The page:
A Word on Language
The language we use has a powerful impact on the people we work with and for. This is of particular concern in the substance use field as a number of words and phrases often used actually increase stigma and discrimination, which may then decrease a person’s access to necessary health and social services. Terms like
Considering the impact that language can have, there is a need for further discussion on how some terms will be used and defined by this Strategy. The terminology we use should strive to be as general, neutral, and all-encompassing as possible. As a Drug Strategy, it is our intention to be inclusive to people from all communities, genders, and cultures that engage in substance use, and be attentive to the many reasons for which people engage in substance use, recognizing
We recognize that substance use occurs across a continuum, including beneficial or therapeutic uses, recreational uses, as well as intermittent and chronic use. As a Drug Strategy, we are predominantly concerned with the potential harms and negative impacts of substance use on individuals and communities.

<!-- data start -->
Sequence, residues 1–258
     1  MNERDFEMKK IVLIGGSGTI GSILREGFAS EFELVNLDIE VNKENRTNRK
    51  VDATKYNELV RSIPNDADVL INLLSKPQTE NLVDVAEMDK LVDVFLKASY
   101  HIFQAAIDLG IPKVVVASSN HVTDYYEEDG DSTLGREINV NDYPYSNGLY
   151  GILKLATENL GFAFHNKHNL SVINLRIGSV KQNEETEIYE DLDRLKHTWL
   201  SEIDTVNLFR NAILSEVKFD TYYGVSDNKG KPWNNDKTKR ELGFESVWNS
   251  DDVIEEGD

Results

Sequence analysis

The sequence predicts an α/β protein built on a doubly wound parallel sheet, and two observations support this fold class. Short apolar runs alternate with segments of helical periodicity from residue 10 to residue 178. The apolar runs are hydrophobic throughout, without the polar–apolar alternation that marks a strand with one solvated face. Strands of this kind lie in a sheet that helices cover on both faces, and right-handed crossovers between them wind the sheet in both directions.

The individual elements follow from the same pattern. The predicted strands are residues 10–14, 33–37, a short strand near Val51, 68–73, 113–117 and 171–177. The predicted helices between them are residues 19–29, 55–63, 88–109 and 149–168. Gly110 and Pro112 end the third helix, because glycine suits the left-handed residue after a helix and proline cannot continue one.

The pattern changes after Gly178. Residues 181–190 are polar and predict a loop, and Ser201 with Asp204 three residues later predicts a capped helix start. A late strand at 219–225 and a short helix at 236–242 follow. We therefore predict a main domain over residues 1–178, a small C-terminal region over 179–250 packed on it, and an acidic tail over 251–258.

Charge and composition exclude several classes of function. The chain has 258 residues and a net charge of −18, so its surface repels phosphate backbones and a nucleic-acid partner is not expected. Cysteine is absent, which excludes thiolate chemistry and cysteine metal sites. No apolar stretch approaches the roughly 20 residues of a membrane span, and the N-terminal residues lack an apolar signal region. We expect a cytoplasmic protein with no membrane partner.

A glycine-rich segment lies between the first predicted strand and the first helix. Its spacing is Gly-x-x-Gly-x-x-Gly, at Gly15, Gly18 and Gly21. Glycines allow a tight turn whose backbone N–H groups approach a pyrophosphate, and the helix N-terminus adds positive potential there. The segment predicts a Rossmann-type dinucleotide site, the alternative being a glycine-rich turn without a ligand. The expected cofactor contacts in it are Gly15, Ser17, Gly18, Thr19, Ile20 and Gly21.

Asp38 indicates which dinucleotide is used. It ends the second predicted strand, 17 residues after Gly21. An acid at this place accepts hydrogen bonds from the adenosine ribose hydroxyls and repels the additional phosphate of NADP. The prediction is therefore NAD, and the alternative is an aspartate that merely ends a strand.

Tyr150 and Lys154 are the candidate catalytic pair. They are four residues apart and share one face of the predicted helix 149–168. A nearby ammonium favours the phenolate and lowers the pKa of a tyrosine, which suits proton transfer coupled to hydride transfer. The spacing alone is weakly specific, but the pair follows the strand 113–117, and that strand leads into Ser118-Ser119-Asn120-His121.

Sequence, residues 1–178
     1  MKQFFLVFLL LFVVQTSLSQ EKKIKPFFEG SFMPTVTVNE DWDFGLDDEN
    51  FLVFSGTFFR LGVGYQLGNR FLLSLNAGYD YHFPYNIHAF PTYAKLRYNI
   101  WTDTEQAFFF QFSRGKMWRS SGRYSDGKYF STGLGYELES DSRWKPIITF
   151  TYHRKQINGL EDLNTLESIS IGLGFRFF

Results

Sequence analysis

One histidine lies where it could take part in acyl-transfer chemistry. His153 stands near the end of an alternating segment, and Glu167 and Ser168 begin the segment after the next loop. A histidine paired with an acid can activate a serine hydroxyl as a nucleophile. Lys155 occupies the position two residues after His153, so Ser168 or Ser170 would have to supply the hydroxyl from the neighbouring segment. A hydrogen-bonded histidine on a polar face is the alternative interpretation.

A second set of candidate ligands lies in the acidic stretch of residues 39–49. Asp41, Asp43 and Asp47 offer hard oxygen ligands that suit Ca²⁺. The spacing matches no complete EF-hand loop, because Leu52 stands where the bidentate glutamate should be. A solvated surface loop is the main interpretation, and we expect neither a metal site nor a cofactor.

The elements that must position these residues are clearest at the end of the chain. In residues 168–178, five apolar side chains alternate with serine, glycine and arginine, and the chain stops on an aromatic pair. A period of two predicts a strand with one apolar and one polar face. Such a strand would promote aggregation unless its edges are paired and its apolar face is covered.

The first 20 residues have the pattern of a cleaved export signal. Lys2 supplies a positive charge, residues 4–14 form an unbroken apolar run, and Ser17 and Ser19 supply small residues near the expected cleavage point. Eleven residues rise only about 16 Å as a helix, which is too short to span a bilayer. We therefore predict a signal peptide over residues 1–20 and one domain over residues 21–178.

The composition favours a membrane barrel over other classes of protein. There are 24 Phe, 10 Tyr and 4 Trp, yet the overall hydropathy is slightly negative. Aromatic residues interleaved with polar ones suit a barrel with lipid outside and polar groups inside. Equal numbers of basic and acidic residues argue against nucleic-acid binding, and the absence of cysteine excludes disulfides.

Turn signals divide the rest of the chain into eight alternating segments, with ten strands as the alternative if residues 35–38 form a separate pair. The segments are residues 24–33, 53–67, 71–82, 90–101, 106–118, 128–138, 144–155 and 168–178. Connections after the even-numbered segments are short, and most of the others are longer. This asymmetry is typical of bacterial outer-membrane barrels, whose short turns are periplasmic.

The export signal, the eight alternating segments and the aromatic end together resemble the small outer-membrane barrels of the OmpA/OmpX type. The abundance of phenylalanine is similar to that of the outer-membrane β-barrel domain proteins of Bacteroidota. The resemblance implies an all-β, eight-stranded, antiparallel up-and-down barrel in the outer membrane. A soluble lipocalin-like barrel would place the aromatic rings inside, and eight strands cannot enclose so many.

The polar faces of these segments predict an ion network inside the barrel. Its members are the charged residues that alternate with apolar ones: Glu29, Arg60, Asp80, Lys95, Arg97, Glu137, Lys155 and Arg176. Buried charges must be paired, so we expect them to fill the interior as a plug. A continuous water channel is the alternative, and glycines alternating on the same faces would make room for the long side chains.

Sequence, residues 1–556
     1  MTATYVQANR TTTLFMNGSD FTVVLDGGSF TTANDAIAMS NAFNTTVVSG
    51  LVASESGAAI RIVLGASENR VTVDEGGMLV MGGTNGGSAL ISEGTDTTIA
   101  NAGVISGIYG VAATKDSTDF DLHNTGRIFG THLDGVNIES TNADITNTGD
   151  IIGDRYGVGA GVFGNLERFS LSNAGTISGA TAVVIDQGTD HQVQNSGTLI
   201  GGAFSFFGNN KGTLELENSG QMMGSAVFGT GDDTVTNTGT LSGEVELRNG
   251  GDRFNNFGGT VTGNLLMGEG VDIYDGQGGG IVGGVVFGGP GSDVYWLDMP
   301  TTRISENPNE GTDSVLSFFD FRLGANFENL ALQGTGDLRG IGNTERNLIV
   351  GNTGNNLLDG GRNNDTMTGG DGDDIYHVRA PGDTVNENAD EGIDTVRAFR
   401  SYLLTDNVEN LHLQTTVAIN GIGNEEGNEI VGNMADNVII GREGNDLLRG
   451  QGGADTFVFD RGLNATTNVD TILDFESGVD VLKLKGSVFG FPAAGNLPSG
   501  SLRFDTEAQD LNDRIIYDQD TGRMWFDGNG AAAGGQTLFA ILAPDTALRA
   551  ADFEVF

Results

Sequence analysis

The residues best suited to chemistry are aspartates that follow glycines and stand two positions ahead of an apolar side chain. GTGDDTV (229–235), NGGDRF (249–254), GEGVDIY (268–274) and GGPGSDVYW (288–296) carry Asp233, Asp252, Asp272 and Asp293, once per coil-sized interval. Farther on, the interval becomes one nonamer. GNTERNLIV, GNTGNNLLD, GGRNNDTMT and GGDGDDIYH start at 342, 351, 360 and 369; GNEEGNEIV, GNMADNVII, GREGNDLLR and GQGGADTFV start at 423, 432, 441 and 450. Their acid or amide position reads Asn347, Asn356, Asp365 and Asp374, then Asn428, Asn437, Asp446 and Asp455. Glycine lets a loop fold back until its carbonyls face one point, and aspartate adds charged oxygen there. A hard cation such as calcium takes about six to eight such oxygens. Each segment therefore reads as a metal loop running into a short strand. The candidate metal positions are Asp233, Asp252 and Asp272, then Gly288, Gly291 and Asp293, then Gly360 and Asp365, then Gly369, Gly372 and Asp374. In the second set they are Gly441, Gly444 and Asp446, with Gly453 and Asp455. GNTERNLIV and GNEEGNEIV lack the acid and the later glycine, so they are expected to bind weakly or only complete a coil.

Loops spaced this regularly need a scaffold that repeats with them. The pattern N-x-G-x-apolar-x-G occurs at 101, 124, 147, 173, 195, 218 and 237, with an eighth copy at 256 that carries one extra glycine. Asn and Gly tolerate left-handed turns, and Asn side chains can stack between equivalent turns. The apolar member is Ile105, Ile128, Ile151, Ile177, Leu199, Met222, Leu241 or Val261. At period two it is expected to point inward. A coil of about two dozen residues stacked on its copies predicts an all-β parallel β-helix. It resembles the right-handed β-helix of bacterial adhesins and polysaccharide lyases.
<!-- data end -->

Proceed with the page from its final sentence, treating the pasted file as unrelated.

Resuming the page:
1 Canadian Centre on Substance Abuse. (2005). Answering the call: National framework for action to reduce the harms associated with alcohol and other drugs and substances in Canada. S.l.: Canadian Centre on Substance Abuse. Retrieved from http://www.ccdus.ca/Resource%20Library/ccsa-011322-2005.pdf#search=all%28ontario%29
2 Mindyourmind. (n.d.) Substance Use. Retrieved from https://mindyourmind.ca/illnesses/substance-use